Portfolio checkup, simplifying some stuff, a few questions

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Morik
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Joined: Tue Nov 25, 2014 12:26 pm

Portfolio checkup, simplifying some stuff, a few questions

Post by Morik » Tue Oct 08, 2019 5:38 pm

Hi Bogleheads,

I haven't been active on the forum for a while, but am still chugging along.

When I first went to passive investing, it was with a 3-fund portfolio (I think... could be misremembering). Over time I nerded a bit and tried some slicing/factor tilts. I also sent some money to lending club (roughly 0 nominal return, I'm almost back out of it).
As time went on I went back to a simpler portfolio.
Up to now, I have been separately tracking my pre-tax vs post-tax tax-advantaged assets, with a guessed-at avg withdrawal tax rate applied to the pre-tax holdings. After some more thought, I've decided to stop doing this as it adds complication to my life (updating my current holdings and rebalancing are both harder doing this, though not significantly so, but enough to be annoying).

Age: 37
Spouse: 36

Emergency fund:
Tier 2: $60k (well, a bit more now with the interest) in ibonds, which is ~5 months expenses. I think I will add another $20k to this this year, maxing out our purchases for the year.

Tier 1: Currently ~$120k in cash, held in ally savings right now. I am going to move it to a 2.4% APY bank. I don't like to drop liquid cash below
3 months expenses, but this is more like 10 months right now. $20k of it will go to ibonds. I haven't decided what to do with the rest yet--our taxable investment account was drawn down to 0 when we bought our current house a couple years ago. (So no taxable investments right now.) We've been spending a lot on home improvements (and are spending more, as shown below). Our liquid cash position is starting to build back up though, so I should probably start thinking about financial goals and figure out whether to put it towards retirement, or if there are any shorter term goals that I should allocate it differently (more conservatively) for.

Other cash: ~$120k, earmarked for some home improvements taking place over the next 6 months or so. (Also held in an Ally savings account, I also plan to move this to a 2.4% account instead of the 1.9% Ally has)

Debt: $565k mortgage (3.875%, matures 2033). ($5.5k monthly, including escrowed taxes/insurance.)

Current retirement portfolio:
Total assets: ~$1.1m

Current annual contributions (and continuing to max all of these vehicles each year):
- $28k -> Traditional 401k (includes employer match)
- $27.5k -> Roth 401k (conversion via aftertax 401k)
- ~$23k -> 403b (includes employer match)
- $12k -> Roth IRA (via backdoor conversion for me + spouse)
- $7k -> HSA (includes $2k from employer). (We aren't drawing this down for medical expenses now, will let it grow & use for medical later in life.)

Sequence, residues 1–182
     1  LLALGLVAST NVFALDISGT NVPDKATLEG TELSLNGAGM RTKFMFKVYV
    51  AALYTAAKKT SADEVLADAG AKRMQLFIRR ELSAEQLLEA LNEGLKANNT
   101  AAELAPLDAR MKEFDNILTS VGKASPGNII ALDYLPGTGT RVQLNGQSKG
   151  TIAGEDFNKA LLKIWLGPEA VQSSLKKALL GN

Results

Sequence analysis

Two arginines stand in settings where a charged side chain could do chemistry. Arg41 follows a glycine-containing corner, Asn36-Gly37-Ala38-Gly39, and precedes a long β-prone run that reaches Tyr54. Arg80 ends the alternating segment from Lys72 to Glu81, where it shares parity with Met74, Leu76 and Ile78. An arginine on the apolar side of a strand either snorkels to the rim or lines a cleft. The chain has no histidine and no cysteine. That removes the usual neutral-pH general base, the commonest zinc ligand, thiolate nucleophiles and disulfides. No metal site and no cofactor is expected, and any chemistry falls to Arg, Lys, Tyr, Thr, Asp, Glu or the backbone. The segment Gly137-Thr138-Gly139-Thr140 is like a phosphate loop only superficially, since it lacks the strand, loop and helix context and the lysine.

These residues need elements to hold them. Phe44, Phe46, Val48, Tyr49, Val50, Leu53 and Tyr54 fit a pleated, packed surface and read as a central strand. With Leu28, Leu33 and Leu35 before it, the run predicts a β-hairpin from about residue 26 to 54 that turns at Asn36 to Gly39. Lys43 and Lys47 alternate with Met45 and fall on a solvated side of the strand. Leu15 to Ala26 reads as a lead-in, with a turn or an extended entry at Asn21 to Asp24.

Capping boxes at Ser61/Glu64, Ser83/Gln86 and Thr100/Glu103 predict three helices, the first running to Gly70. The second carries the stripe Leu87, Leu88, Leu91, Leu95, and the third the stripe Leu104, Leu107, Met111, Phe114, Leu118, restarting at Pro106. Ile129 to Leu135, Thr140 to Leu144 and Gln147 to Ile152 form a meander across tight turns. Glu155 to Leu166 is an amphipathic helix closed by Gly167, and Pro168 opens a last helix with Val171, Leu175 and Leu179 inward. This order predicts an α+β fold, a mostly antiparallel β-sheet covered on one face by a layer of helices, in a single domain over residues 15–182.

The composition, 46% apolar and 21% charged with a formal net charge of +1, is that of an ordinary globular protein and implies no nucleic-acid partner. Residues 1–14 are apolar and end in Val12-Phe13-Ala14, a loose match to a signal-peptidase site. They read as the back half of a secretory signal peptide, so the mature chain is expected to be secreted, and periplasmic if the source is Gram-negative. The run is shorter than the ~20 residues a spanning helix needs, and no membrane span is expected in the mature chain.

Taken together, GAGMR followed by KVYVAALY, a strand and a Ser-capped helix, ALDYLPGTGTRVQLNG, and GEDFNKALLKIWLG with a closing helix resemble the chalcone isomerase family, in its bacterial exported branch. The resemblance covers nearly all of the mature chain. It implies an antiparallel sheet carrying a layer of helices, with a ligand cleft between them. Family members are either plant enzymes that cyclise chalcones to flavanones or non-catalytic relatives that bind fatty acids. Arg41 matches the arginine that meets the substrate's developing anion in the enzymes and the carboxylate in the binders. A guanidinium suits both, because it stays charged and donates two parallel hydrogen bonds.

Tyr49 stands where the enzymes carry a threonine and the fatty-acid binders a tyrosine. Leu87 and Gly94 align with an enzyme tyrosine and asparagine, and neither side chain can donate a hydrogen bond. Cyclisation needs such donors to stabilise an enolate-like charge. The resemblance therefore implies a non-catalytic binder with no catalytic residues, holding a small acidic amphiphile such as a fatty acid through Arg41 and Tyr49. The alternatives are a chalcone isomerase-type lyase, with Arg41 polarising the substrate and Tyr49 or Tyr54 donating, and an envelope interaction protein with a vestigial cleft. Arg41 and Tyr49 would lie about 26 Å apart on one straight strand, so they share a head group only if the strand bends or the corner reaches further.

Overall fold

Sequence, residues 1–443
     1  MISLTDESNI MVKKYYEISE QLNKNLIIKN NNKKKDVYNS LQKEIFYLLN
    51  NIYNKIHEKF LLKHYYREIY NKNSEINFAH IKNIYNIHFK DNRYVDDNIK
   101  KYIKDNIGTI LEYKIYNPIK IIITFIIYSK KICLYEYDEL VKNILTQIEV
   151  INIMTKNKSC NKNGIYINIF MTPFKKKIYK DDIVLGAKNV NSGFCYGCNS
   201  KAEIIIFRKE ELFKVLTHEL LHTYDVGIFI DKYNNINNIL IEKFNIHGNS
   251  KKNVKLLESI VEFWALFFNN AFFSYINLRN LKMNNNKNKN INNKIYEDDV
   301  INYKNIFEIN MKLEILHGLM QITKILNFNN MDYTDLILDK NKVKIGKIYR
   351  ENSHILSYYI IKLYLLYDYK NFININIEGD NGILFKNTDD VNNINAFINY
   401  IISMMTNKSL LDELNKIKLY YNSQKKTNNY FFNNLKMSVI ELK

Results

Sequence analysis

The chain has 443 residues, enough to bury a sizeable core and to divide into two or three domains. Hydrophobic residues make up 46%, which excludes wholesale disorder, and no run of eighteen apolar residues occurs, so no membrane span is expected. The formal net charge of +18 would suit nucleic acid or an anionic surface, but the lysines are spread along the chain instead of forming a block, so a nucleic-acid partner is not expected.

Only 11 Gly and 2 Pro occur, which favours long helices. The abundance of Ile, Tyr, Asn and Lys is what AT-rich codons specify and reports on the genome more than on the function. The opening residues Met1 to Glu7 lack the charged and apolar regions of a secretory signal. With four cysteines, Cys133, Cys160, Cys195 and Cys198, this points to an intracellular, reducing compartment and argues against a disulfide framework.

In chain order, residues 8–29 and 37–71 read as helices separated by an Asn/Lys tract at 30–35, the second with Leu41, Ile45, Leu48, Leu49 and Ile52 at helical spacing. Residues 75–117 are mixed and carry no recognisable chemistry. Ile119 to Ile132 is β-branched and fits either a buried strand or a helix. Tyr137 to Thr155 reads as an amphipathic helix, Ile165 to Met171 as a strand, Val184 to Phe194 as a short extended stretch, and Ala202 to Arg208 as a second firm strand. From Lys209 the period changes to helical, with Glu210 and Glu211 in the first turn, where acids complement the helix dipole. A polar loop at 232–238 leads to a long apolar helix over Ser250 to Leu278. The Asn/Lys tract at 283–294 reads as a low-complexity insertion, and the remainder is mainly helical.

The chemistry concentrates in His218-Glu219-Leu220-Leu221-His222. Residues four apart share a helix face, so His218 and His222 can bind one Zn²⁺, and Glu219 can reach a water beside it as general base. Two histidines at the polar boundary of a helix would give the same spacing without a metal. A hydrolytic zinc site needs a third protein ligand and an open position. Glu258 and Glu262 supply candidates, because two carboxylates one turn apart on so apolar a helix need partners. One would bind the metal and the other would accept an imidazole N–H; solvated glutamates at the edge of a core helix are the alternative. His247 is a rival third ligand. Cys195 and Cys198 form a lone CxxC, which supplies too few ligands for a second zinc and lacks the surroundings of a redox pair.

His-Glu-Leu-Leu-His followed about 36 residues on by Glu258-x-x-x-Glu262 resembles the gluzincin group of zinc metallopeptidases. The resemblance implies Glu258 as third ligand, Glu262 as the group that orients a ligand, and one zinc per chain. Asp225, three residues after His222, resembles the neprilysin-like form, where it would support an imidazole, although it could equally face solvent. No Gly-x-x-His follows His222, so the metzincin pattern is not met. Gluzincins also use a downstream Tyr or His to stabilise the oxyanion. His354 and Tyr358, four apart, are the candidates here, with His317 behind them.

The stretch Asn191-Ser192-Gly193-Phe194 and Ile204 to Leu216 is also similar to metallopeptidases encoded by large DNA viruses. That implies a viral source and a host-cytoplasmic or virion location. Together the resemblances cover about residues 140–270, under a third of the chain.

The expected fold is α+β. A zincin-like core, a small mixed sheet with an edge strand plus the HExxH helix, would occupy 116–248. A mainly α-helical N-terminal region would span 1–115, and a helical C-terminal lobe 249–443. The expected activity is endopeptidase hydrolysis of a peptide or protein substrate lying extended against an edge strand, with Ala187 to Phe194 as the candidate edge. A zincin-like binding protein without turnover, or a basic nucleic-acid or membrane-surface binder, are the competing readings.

Current holdings:

Roth IRA 1: $117k VTSAX
Roth IRA 2: $76k VTSAX

401k:
- $140k Vanguard Institutional 500 Index Trust
- $281k Vanguard Developed Markets Index Fund Institutional Plus Shares
- $70k Vanguard Emerging Markets Index Fund Institutional Plus Shares
- $86k Vanguard Institutional Total Bond Market Index Trust
- $45k Vanguard Real Estate Index Fund Institutional Shares

403b:
TDA contract: $62k TIAA Real Estate
RA Contract: $31k TIAA Real Estate
RC Contract:
- $12k TIAA Traditional (TPAing into small cap blend)
- $52k TIAA-CREF Small-Cap Blend Index Fund - Institutional Class
IA (TPA account): $63k TIAA Traditional (going to TREA in the RA contract)

HSA: $42k Vanguard Institutional 500 Index Trust

Lending club Roth IRA: $26k (drawing this down as the loans finish up, it will be a few more years before it is completely gone though).

Allocations:

39.75% US stock (Total US stock market in our Roth IRAs, S&P 500 in our HSA & my 401k (total market not available, extended market is available but I skip for simplicity), and TIAA cref small cap blend index fund (best available choice in 403b), which happens to balance out the S&P 500 almost perfectly to make total market allocation.)

32.5% International (55/45 US/Intl split, per market cap). (Vanguard Emerging Markets Index Fund Institutional Plus Shares + Vanguard Developed Markets Index Fund Institutional Plus Shares in an 80/20 ratio... I didn't set it up, my 401k recently switched from offering the total international fund, to splitting it to these two in an automated transaction. I can maintain the 80/20 going forward... though maybe for simplicity I should just swap it all to developed...)

12.75% real estate (2/3rds is TIAA Real Estate, 1/3 is Vanguard Real Estate Index Fund Institutional Shares)

15% Fixed income (combo of TIAA traditional, which we are in the process of getting out of over 10 years (started this year), and Vanguard Institutional Total Bond Market Index Trust)

(And a little left over in lending club in a roth IRA, which will be back at Vanguard once my current loans run their course in a few years.)